"The issue is how those funds would be distributed," he said. "Schools that historically have the least will still be guaranteed less."
 
SB1 is not enough for Chicago and Austin neighborhood schools, Johnson said. The Chicago Teachers Union is pushing Mayor Rahm Emanuel to take action—either by allocating a portion of the Tax Increment Finance surplus to schools, or reinstating the corporate head tax the mayor ended after taking office in 2011.
 
"The mayor's gotta put some local money in for the stability of our schools," Johnson said, adding there is hundreds of millions of dollars in TIF funding that should "go to the schools instead of Navy Pier."
 
Local school councils, then the Chicago Board of Education, must approve the CPS budget well before Sept. 5, when classes are set to begin.
 
That means principals will have to make very difficult decisions and consider the magnitude of the cuts, Johnson said.
 
"It's unfair that the principals have to figure out whether or not they're going to have a teacher, a school clerk or a copy machine," he said, adding that for too long Austin residents keep "being asked to figure it out."
 
Truss agreed, adding Austin schools need more support.
 
"We've got committed teachers and principals who are trying to do the best with very little," he said. "They are doing a very good and passionate job."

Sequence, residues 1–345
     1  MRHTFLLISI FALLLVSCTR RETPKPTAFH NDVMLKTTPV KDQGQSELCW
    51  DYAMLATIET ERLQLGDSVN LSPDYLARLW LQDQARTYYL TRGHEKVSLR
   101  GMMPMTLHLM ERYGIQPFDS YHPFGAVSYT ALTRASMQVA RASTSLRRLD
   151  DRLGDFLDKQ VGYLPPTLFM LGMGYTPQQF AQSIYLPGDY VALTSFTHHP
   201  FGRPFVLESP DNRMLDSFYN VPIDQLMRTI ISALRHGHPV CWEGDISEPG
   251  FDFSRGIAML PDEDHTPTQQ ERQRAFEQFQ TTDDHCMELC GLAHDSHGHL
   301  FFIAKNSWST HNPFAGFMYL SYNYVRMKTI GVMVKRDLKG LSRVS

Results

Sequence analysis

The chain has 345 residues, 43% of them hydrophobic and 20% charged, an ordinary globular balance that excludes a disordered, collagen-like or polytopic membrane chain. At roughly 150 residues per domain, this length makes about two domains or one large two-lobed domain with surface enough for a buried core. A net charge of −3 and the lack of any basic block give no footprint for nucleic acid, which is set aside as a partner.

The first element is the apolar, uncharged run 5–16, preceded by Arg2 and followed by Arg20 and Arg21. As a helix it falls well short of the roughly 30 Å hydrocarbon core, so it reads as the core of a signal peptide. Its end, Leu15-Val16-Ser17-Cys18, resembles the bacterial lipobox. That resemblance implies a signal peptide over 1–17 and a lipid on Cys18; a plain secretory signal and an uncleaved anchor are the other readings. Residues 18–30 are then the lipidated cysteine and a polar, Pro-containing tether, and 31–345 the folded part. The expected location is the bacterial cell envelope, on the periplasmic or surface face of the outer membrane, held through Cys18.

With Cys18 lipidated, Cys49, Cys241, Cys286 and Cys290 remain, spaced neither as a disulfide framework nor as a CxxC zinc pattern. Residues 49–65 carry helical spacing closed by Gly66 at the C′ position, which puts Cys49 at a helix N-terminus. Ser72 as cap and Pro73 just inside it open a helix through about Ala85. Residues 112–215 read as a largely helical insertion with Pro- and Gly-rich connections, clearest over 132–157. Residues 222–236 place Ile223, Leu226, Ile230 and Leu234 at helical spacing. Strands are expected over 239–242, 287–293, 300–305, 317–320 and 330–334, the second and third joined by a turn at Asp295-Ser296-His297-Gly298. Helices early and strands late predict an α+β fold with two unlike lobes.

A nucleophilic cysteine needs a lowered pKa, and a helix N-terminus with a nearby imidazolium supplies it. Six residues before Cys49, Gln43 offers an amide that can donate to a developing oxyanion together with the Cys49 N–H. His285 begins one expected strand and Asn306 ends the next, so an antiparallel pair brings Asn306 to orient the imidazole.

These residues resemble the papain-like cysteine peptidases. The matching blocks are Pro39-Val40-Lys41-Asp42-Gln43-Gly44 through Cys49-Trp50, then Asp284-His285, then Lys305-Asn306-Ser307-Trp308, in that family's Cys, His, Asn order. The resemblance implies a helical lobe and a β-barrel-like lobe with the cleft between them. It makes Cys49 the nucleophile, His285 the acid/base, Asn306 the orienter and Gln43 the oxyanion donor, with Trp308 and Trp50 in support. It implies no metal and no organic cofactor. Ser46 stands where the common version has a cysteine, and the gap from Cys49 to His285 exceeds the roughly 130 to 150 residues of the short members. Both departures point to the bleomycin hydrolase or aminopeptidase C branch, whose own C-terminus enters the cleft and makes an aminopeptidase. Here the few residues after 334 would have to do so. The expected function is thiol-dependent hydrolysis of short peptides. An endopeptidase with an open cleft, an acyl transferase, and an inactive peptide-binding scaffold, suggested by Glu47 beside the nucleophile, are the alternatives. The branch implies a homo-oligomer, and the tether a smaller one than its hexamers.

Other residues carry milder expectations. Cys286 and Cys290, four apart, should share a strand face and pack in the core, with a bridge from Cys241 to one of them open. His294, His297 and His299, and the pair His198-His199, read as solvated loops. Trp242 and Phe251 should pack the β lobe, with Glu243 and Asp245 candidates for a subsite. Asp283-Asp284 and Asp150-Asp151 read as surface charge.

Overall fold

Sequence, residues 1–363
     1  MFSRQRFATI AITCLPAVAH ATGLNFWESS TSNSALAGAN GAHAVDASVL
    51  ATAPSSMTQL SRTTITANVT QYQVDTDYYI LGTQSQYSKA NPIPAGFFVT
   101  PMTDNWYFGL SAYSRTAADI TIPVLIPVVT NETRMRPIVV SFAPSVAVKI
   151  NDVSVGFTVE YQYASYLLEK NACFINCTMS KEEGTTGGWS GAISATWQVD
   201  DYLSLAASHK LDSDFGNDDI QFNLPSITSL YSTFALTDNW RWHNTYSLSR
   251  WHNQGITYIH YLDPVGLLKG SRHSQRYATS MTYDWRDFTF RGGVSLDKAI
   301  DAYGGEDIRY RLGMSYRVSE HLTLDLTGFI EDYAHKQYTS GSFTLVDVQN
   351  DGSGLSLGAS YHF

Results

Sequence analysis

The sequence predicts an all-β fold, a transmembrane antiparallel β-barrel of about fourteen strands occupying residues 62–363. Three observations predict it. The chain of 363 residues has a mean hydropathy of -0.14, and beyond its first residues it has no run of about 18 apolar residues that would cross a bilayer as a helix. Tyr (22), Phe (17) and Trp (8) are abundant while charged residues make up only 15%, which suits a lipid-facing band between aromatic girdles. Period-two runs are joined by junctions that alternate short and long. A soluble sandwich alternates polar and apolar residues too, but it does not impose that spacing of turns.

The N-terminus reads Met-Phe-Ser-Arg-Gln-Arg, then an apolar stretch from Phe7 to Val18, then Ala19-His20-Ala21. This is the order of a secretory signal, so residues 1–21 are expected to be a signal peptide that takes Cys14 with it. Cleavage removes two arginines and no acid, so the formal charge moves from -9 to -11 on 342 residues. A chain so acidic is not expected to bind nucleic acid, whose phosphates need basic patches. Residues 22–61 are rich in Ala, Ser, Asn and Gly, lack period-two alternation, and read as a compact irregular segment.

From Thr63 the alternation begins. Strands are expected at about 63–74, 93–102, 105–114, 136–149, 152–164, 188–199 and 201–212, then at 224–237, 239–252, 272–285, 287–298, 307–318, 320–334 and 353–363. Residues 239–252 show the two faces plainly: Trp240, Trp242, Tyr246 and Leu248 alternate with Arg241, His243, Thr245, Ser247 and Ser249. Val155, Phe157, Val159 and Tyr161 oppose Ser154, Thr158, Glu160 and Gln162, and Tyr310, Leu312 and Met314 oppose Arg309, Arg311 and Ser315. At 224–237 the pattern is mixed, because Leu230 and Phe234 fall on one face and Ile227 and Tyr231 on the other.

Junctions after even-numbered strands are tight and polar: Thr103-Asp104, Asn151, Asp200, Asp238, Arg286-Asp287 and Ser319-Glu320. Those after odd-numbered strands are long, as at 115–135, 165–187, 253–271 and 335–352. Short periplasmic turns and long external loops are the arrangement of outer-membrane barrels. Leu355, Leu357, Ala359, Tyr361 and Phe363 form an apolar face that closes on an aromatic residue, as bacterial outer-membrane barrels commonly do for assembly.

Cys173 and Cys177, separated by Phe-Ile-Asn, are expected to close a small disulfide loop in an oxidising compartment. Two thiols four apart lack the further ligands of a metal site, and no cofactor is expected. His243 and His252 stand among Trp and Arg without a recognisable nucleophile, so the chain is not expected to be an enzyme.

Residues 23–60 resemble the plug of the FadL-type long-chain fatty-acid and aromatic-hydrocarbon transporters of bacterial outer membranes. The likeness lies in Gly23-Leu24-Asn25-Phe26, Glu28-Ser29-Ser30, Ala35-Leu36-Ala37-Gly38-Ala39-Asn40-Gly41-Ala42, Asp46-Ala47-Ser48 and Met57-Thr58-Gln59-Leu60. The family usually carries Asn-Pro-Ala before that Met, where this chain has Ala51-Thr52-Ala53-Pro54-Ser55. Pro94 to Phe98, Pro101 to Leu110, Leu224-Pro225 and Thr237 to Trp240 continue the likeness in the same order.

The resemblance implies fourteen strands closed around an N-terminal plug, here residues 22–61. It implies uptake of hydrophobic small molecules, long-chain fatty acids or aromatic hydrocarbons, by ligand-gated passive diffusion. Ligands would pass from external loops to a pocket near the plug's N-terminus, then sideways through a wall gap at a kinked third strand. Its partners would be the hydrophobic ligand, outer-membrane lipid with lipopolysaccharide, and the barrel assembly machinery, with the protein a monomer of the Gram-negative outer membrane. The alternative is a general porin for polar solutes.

For a breakdown of budget information for each of Austin school, visit austintalks.org
 

 
Milton Brunson Special Elementary
 
• FY 16 Enrollment: 477
• FY 17 Enrollment: 437
• Percent Change: -8.4%
• FY 16 Budget: $3,524,442
• FY 17 Budget: $3,516,925
• Change: – $7,516 (-0.21%)
 
Michele Clark Magnet High School
 
• FY 16 Enrollment: 548
• FY 17 Enrollment: 561
• Percent Change: 2.4%
• FY 16 Budget: $5,098,726
• FY 17 Budget: $5,016,901
• Change: – $81,826 (-1.6%)
 
Oscar DePriest Elementary School
 
• FY 16 Enrollment: 554
• FY 17 Enrollment: 525
• Percent Change: -5.2%
• FY 16 Budget: $5,278,708
• FY 17 Budget: $5,136,052
• Change: – $142,656 (-2.7%)
 
Frederick Douglass Academy HS
 
• FY 16 Enrollment: 175
• FY 17 Enrollment: 132
• Percent Change: -24.6%
• FY 16 Budget: $1,948,331
• FY 17 Budget: $1,574,190
• Change: – $374,142 (-19.2%)
 
Edward K. Duke Ellington Elementary School
 
• FY 16 Enrollment: 546
• FY 17 Enrollment: 521
• Percent Change: -4.6%
• FY 16 Budget: $5,063,971
• FY 17 Budget: $4,652,207
• Change: – $411,764 (-8.13%)
 
John Hay Community Academy School
 
• FY 16 Enrollment: 356
• FY 17 Enrollment: 314
• Percent Change: -11.8%
• FY 16 Budget: $2,589,105
• FY 17 Budget: $2,321,401